Airport hangars approved: Joerger family land will house new construction

Scott Hess

Noticing the demand for new hangars, the Truckee Tahoe Airport District approved the plans for new hangars at its board meeting last week.

“Now, there are about 205 hangars,” said TTAD General Manager David Gotschall. “We have a bigger demand than supply,” he added, while pointing to several airplanes parked outside on the tarmac.

Gotschall said that there are already people signed up on a waiting list for a hangar, and they are simply addressing the demand. He added that, with the demand, they wouldn’t be trying to sell the new hangars – they are already sold.

“There are 180 people on a waiting list; they come here anyway,” Gotschall said. “It’s a lot safer to have the plane locked up instead of outside.”

They recently acquired land from the Joerger family, and have gone through the planning commission and town council, and are ready to begin the first of 11 phases of their hangar project.

The first part that will be started, Gotschall said, will be the soil work and infrastructure, scheduled for later this summer and up to mid-October. He said that they hope to have the first set of hangars completed by next summer and have it occupied almost immediately.

The district also plans to start constructing Soaring Way, a road that will connect the Highway 267 bypass with Airport Road, which was part of the deal it made with the Town of Truckee. That project alone will take approximately five years, Gotschall said.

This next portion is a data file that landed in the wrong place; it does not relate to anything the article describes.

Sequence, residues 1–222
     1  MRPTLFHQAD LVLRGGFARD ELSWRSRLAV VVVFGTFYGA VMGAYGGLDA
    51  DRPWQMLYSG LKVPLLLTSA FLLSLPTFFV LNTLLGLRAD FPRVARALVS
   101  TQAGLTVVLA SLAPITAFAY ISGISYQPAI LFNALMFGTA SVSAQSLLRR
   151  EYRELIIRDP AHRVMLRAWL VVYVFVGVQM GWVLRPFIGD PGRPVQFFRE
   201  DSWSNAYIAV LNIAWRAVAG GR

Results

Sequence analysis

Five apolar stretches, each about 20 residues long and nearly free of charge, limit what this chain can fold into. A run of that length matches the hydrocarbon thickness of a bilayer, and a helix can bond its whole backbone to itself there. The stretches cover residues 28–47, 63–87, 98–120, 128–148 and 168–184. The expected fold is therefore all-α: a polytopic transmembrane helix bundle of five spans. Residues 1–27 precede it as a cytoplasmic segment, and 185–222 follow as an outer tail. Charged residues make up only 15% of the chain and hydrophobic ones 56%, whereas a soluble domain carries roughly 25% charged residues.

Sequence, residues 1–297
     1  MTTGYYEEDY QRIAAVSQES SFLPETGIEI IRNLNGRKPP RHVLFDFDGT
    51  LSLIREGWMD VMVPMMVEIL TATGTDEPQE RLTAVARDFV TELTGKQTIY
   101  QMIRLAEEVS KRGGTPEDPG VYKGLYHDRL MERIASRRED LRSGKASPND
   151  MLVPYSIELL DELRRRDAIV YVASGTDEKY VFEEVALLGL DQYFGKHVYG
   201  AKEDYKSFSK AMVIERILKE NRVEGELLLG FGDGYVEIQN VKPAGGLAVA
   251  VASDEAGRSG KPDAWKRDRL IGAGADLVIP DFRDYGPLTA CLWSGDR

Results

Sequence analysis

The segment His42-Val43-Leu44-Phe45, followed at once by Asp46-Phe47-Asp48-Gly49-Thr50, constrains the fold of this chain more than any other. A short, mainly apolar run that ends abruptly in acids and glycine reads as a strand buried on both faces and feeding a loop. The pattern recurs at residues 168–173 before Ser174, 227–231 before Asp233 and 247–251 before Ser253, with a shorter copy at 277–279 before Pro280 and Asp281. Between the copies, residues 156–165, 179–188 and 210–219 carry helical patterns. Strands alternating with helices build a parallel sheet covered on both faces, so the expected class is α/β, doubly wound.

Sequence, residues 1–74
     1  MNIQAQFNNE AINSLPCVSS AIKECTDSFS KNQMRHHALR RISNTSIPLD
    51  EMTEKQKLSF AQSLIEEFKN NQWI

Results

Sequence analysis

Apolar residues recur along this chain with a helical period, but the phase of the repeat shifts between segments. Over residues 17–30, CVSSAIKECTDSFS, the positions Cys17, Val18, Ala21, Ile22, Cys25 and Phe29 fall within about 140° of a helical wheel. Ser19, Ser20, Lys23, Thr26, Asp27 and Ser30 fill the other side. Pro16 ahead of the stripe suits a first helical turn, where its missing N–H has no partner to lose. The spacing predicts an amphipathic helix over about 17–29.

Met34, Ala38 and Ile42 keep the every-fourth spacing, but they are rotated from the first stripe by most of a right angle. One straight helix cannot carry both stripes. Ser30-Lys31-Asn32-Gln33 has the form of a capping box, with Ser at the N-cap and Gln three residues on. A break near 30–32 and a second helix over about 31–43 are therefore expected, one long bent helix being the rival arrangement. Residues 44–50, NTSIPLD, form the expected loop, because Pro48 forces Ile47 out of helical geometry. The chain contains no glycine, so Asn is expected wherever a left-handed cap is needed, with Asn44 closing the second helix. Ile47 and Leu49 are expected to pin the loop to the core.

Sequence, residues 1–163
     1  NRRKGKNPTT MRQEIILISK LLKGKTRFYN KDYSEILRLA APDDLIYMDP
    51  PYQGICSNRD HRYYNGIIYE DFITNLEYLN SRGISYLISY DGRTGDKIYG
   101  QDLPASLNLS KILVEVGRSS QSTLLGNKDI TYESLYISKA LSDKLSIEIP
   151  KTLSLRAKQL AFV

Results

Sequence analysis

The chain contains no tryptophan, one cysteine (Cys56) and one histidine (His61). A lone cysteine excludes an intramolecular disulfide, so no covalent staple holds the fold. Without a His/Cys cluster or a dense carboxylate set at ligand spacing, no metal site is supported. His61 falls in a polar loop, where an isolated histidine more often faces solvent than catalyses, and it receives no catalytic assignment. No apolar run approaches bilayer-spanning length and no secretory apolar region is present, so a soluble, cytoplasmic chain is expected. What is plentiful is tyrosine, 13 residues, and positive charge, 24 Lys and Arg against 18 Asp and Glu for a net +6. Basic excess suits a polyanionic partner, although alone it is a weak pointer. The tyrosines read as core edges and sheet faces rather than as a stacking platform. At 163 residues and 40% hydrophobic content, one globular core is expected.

He also said that the 11-phase construction is an on-going project, and should be completed over the next 10 to 20 years. The low proposal for the first phase, Gotschall said, is $796,000, and the entire project should approach approximately $20 million.

Gotschall and Assistant General Manager Mike Scott stressed that, although they are increasing the number of hangars, they are not necessarily increasing the size of the airport or the number of flights taking off and landing. In fact, Gotschall said that he believes the number of flights going in and out should stay about the same, or even decrease. The way it would decrease, he said, is people who store their planes at the Reno airport, but fly mainly out of Truckee.

“Expanding the hangars doesn’t mean more flights. It just means more planes are stored here,” Scott said.

The TTAD is also working on a new Comprehensive Land Use Program, which Gotschall said is “grossly out of date.”

The last CLUP was established for the airport in 1988, but times – and planes – have changed. They have been working on new flight patterns and investigating the best ways to be an asset to the community, while limiting the public’s awareness that there is a plane flying overhead.

They have produced pilot cards that they hand out and also have on the airport Web site,, that show the take-off and landing flight patterns they feel least disturb Truckee and the surrounding communities.

With the new hangars and the update of the CLUP, Gotschall and Scott said the airport hopes to keep its customers and Truckee happy.

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